New report shows the state of the HIV epidemic in Philadelphia

The Philadelphia Department of Public Health (PDPH) recently released its 2021 HIV Surveillance Report for the city of Philadelphia. It shows 365 recorded new HIV diagnoses in 2021 which is a 9% increase from HIV diagnoses in 2020 but an 18% decrease compared to 2019. The report reflects HIV diagnoses through December, 2021 and reported through June 30, 2022. 

“The Health Department has made substantial progress in implementing the community-developed and-driven Ending the HIV Epidemic plan for Philadelphia,” AIDS Activities Coordinating Office Director and Medical Director Dr. Kathleen Brady said in a press release. “We are now starting to see early indications that our efforts are working with declining numbers of new HIV infections. I hope that our progress will be an inspiration to continue to work hard, think outside the box, and remain committed to ending the HIV epidemic by 2030.” 

Philadelphia’s Ending the HIV Epidemic (EHE) plan entails five main points: diagnosis, treatment, prevention, response and an approach focused on health equity and radical customer service.  

The surveillance report breaks down HIV diagnoses by various demographic features, including age, race, gender, sexual orientation and intertwining characteristics. In 2021, 79.2% of newly diagnosed HIV cases were among people assigned male at birth; 62.7% were among non-Hispanic Black people and 55.8% were among men who have sex with men (MSM). People 30-39 years old made up the largest percentage of new diagnoses at 31.5%, compared to other age groups. 

The highest frequency of new HIV diagnoses were reported among MSM, which was almost eight times the rate of diagnoses among people who inject drugs. The MSM diagnosis rate was almost 64 times the rate of heterosexual people who are considered at risk, which the report defines as people over 18 years old who are living in poverty.  

Unsurprisingly, in Philadelphia people of color are diagnosed with HIV at higher rates than white people. Non-Hispanic Black people were diagnosed at a rate of 36.2 per 100,000 and Hispanic/Latinx people were diagnosed at a rate of 28.2 per 100,000, compared to 13.6 per 100,000 for non-Hispanic white people. Two-thirds of the MSM diagnosed with HIV are non-Hispanic Black men. 

People who inject drugs have also experienced continually high rates of HIV diagnosis. In 2019, there were 91 identified HIV cases among people who inject drugs, a 184% jump from cases reported in 2016, which was the last year that saw a decrease.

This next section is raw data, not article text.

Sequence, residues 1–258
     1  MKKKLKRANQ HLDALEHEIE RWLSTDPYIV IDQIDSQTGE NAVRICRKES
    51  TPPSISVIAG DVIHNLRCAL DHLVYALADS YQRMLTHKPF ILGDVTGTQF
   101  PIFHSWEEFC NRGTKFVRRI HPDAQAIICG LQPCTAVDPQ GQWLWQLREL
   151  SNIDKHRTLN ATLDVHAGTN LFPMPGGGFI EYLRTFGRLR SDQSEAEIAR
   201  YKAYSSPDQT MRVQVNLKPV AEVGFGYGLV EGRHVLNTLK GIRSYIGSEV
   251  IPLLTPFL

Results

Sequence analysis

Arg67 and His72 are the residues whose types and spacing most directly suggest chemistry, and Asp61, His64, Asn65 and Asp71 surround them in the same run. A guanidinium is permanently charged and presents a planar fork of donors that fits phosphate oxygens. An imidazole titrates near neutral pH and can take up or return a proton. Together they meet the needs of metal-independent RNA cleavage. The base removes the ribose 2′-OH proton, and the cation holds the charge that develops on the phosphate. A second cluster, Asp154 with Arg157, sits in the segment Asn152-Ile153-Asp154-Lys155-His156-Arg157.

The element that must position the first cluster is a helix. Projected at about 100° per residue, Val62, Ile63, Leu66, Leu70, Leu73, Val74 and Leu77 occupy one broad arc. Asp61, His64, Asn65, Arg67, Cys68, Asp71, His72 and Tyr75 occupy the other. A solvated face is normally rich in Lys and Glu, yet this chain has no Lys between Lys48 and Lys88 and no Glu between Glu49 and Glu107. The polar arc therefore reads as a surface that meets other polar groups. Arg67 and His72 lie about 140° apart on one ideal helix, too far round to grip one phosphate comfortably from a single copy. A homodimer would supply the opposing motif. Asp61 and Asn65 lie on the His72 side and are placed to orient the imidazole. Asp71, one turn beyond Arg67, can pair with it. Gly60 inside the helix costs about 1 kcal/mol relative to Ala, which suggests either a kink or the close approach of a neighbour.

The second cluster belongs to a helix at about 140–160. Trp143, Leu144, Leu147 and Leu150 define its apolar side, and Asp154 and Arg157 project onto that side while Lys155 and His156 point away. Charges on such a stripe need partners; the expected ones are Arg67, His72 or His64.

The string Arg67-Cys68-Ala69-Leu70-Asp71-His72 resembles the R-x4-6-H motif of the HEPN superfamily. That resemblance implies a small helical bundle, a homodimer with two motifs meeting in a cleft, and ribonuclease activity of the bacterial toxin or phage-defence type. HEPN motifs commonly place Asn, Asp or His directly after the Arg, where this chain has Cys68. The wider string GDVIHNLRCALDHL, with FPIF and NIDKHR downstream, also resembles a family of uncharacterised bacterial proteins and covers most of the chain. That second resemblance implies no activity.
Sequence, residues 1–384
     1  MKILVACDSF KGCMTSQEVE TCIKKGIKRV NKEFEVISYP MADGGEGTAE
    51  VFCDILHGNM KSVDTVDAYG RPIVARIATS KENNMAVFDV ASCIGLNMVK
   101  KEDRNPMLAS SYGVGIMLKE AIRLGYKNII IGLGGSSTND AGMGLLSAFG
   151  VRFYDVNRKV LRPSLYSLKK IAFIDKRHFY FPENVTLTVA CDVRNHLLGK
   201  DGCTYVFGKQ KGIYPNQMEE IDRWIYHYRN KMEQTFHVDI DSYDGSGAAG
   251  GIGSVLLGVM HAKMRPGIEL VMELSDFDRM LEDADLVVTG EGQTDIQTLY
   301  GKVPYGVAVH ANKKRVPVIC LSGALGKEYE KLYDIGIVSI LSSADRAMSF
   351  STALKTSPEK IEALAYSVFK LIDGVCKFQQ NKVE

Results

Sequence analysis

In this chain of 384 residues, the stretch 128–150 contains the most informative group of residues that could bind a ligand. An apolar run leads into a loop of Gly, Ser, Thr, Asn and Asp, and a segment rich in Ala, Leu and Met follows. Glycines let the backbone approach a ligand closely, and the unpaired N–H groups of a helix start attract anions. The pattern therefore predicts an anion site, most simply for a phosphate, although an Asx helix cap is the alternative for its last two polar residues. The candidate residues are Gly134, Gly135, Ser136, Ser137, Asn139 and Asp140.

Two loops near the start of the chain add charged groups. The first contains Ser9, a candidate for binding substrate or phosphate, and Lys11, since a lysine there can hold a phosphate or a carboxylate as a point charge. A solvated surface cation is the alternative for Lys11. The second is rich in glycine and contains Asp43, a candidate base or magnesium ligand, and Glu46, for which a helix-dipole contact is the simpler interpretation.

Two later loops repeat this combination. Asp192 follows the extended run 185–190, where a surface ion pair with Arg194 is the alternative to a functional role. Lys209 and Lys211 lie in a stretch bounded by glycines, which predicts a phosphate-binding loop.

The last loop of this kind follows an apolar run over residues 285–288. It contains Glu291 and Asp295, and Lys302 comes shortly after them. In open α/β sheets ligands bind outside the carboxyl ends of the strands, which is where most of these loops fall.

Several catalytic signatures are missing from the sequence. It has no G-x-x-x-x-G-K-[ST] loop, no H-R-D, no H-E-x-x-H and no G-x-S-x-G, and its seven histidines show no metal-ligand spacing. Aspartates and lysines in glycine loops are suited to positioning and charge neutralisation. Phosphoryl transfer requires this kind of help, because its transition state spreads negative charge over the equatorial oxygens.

The quality of data on the trans population and HIV continues to fall short. The report found that last year 289 nonhispanic Black trans women were living with HIV, compared to 29 nonhispanic white trans women. Some factors that contribute to low data on trans people living with HIV include the lack of a gender identity variable in the surveillance system and the majority of medical records before 2009, and the misclassification of some trans people as MSM. 

However, initiatives to improve surveillance data on the trans population have made a difference in identifying trans people living with HIV. Philadelphia received funding for the National HIV Behavioral Surveillance (NHBS) pilot cycle among trans women, which started in 2019 and completed data acquisition in early 2020. The NHBS captured data on trans women who used HIV prevention services, and highlighted the sexual and drug use habits that put trans women at elevated risk of contracting HIV. That data contributed to the creation of the PrEP continuum for trans women.   

The PrEP continuum of care is similar to the HIV continuum of care, which is a tool used to monitor the diagnosis and care of people living with HIV. The PrEP continuum is based on data from the National HIV Behavioral Surveillance project, and is used to track initiatives to increase PrEP awareness, use and adherence within the HIV negative, at-risk population. 

Data on the PrEP continuum remains the same from the last report due to postponements in data collection and small sample sizes because of Covid-19. The data shows that trans women were the demographic with the highest PrEP awareness, discussion and use, but MSM had the highest PrEP adherence. Heterosexual people considered at risk and people who inject drugs had the lowest rates of awareness, discussions about, and use of PrEP. 

As for data related to the HIV continuum of care, 81.4% of people newly diagnosed with HIV in 2021 were linked to HIV care within one month of being diagnosed. In terms of all people in Philadelphia living with diagnosed HIV, 64.2% got care in 2021, and 43.7% were retained in care in 2021. Also, 55.7% of people living with HIV were virally suppressed (at most recent viral load) no matter whether they were retained in care. 

The report indicates that the Covid-19 pandemic significantly influenced the fabric of Philadelphia’s HIV prevention and care systems, specifically when stay-at-home orders were implemented. Newly diagnosed HIV cases increased in 2021 compared to the previous year, and paralleled slightly elevated testing rates. But testing in Philadelphia did not resume rates seen prior to the pandemic. Despite an improvement in continuum of care measures since 2020, HIV care retention and viral suppression occurred at lower rates in Philadelphia in 2021, compared to nationally in 2020.

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